The men give the mother a proper Christian burial. Robert stands by as a skeptic. But the baby brings the men joy, wonder, and hope. They argue over how to care for the baby, demonstrate their love, compassion, and tenderness for the new life, and overcome some of their roughness.  The baby also brings some much-needed comic relief. At the same time, in parallel shots, the sheriff at Apache Wells is viewing Robert as a good chess player and figures out that the gang has gone to Terrapin Tanks. The chase is on.

As the men become more desperate for water, they argue and draw guns on each other. William uses the Bible for guidance and decides that they were not brought into the desert by accident. Like the Three Wise Men in the Bible, they were meant to find the baby (the Christ Child) and save him (from the elements instead of King Herod.) After throwing out the names of nearby towns (all Biblical), they decide to head East to New Jerusalem (representing redemption and salvation.) The camera cuts to a beautifully-photographed scene showing a bright star in the eastern sky, shining down on sand dunes rippled with shadowy contrasts. The three men trudge across the scene, traveling West to East, receiving hope and strength from the star.

The sheriff finds the abandoned wagon and figures out that it belonged to his niece and her worthless husband. He blames the gang for blowing up the water hole with dynamite, even though they are innocent. He curses them as murderers of future travelers and swears to hunt them down.

William and Pedro both die while crossing a cracked, parched salt flat after asking for forgiveness from God. Robert saves William’s Bible and moves on. It is Christmas. He must climb over the mountain. (Biblically, going up into the mountain represents searching for God.) He takes shelter in a rock-walled passage, which resembles a cave. He falls down, hopeless. He gives the last water to the baby and starts throwing away unnecessary items. In a last desperate act, he opens up the Bible and reads the passage. The passage tells him to take the donkey and its colt. Angrily, Robert throws away the Bible, considering the passage a cruel joke.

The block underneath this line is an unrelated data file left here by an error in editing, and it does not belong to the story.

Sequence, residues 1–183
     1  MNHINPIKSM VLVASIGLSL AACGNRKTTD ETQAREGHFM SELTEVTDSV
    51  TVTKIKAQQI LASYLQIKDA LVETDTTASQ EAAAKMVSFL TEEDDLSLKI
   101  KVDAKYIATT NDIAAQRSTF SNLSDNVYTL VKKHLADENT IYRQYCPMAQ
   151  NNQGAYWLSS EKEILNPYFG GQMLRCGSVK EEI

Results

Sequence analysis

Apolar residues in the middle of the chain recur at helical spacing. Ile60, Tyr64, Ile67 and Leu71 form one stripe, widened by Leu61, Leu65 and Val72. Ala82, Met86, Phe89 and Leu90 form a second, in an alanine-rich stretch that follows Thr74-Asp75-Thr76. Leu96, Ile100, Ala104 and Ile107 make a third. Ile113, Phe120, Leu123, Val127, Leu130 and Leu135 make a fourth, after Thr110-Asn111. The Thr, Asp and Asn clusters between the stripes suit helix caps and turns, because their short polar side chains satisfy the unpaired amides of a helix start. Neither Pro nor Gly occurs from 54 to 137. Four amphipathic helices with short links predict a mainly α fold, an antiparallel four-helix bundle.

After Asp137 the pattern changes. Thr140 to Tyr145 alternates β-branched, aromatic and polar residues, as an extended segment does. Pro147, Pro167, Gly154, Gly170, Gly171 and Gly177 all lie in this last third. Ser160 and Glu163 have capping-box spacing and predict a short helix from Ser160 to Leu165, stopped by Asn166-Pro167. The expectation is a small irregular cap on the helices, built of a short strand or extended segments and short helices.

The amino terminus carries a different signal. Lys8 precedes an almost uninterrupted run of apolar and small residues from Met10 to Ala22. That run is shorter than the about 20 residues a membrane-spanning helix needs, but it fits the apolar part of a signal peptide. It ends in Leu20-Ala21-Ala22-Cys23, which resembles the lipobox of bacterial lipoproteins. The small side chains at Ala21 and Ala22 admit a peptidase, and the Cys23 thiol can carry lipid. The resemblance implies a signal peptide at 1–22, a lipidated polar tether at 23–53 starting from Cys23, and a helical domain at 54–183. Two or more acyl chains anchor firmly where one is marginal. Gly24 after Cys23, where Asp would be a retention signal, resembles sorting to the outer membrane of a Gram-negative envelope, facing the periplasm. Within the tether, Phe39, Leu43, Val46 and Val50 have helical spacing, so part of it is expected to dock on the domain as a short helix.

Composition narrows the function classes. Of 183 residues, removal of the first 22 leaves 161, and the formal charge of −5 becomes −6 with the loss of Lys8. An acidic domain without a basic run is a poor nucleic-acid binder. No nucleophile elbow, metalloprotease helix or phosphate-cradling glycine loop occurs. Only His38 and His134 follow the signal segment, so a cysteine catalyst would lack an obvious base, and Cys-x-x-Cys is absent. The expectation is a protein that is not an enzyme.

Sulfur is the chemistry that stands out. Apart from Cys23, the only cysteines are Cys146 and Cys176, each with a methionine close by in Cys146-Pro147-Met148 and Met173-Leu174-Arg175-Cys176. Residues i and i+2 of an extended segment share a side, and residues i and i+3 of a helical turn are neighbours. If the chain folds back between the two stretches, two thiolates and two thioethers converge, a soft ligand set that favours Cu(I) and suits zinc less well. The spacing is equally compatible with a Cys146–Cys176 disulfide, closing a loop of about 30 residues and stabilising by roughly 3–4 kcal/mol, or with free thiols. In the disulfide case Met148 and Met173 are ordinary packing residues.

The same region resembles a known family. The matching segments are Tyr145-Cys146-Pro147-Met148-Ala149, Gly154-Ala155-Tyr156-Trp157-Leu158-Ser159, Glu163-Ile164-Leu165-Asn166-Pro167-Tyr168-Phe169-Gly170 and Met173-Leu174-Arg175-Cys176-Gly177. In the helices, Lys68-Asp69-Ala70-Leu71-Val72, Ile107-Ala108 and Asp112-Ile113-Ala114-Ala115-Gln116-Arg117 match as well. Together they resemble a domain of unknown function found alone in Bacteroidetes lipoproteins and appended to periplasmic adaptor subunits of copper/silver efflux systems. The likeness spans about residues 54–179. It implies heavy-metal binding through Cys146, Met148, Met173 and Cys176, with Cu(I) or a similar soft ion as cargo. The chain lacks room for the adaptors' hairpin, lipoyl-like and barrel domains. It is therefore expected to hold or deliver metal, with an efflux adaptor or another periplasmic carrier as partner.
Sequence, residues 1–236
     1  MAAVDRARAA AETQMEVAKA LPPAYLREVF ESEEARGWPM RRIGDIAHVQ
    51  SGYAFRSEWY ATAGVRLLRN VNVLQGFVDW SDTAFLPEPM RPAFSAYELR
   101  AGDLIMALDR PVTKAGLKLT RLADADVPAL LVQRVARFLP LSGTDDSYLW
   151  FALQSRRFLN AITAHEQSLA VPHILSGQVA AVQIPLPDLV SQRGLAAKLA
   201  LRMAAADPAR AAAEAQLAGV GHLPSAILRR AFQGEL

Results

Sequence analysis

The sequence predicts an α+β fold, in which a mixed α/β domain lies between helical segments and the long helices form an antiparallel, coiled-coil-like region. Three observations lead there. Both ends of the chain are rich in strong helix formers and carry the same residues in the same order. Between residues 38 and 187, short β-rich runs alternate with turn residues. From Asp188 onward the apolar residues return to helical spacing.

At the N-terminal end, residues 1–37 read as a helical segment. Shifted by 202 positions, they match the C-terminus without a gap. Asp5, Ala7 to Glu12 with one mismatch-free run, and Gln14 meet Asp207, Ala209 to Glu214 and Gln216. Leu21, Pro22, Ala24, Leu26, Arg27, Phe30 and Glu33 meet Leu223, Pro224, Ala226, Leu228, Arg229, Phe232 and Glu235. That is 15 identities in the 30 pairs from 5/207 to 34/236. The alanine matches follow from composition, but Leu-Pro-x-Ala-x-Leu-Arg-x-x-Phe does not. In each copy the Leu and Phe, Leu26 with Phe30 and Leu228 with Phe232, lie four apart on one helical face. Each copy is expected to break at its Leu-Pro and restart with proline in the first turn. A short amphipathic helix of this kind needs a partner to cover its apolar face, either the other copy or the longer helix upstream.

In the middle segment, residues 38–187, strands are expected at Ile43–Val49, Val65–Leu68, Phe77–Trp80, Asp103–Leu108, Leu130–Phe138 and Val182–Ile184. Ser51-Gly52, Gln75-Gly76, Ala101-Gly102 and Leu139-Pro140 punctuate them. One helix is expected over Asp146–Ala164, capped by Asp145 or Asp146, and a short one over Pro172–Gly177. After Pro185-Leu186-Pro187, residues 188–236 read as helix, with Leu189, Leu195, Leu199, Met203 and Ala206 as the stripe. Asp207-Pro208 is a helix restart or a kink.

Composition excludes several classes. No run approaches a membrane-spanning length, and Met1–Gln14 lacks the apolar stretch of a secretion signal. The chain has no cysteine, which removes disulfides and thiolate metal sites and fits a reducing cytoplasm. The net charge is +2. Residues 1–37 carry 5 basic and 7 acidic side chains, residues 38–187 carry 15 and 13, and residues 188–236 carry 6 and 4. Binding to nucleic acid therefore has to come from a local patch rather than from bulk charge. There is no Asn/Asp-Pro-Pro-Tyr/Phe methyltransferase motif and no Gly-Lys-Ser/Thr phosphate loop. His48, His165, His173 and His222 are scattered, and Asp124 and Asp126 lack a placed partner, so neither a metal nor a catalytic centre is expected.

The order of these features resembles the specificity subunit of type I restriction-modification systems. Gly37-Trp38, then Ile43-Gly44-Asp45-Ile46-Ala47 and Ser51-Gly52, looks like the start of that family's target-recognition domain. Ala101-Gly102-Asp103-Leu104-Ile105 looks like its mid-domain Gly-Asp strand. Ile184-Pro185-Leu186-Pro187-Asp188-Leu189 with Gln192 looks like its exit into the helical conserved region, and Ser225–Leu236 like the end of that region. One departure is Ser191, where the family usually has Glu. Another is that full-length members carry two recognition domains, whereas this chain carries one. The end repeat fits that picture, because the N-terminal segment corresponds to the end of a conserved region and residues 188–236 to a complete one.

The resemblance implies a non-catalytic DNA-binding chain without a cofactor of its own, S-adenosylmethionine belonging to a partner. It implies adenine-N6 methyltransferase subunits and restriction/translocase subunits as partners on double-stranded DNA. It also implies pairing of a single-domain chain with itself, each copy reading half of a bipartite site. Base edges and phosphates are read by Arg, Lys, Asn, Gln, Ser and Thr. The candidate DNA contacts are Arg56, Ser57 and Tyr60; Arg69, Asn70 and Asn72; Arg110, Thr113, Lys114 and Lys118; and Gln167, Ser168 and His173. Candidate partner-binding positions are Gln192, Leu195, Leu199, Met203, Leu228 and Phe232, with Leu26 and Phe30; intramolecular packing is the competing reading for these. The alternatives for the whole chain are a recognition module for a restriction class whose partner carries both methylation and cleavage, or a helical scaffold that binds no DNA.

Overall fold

Crazed by thirst, Robert hears William and Pedro talking and singing and egging him on. The camera shows them as ghosts walking behind him. Suddenly, framed by the rock walls, Robert sees a donkey and its colt. He cannot believe it, but they are real, and he looks up to the sky, hardly believing that the New Testament passage has come true.

Robert makes it to town and bursts into a saloon, where the people are somberly singing Christmas carols. The people are overjoyed to see the baby, and the piano player plays “Silent Night.” The sheriff confronts Robert here, and he collapses to the floor.

An obvious fade out/fade in pushes the story forward into the future. The whole town treats Robert like a King for saving the baby. The judge sentences him to only one year and one day in prison and grants him custody. As Robert is leaving on the train for prison, the banker’s daughter asks him if she can write, and it is obvious that she will wait for him. When Robert returns, he has a chance of becoming a civilized man.

Dawn Pisturino

Thomas Edison State University

December 18, 2017; December 15, 2021

Copyright 2017-2021 Dawn Pisturino. All Rights Reserved.

Works Cited:

Barsam, Richard, and Dave Monahan. Looking at Movies, 5th ed. New York: Norton, 2016.

6 Comments »

Jurassic Park: The Movie

Photo: Universal Pictures

(Attention! Spoiler Alert!)

Steven Spielberg’s 1993 science fiction thriller, Jurassic Park, tells a linear story using continuity editing. The movie explores the ethics of scientific manipulation of nature and introduces the concept of chaos theory. The editing, done by Michael Kahn, is seamless and flawless. There are no superfluous scenes. Each scene is designed to support the story and the theme of the movie. The pacing of the movie keeps the tension building to the climax. The editor relays the story “clearly, efficiently, and coherently” (Barsam and Monahan), leaving no doubt or confusion in the mind of the viewer. Based on the book by Michael Crichton, the camera moves smoothly back and forth between situations and scenes (parallel editing), just like a book. The opening music, written by John Williams, is ominous and primitive, implying that the viewer is entering untamed territory.

The opening scene (the master scene) shows the expert hunter standing grimly by with his gun as workers unload a metal crate. This is on the Isla Nubar, 120 miles off the coast of Costa Rica. An accident occurs, and a worker is killed when the creature inside the crate is released and grabs the worker’s leg. The viewer never sees the creature. Its presence is inferred by the creature’s movements and vocalizations, the intense and horrified expressions on the people’s faces, and the scene where the injured worker is pulled from the grip of the expert hunter. The viewer understands that something predatory and dangerous was in that crate.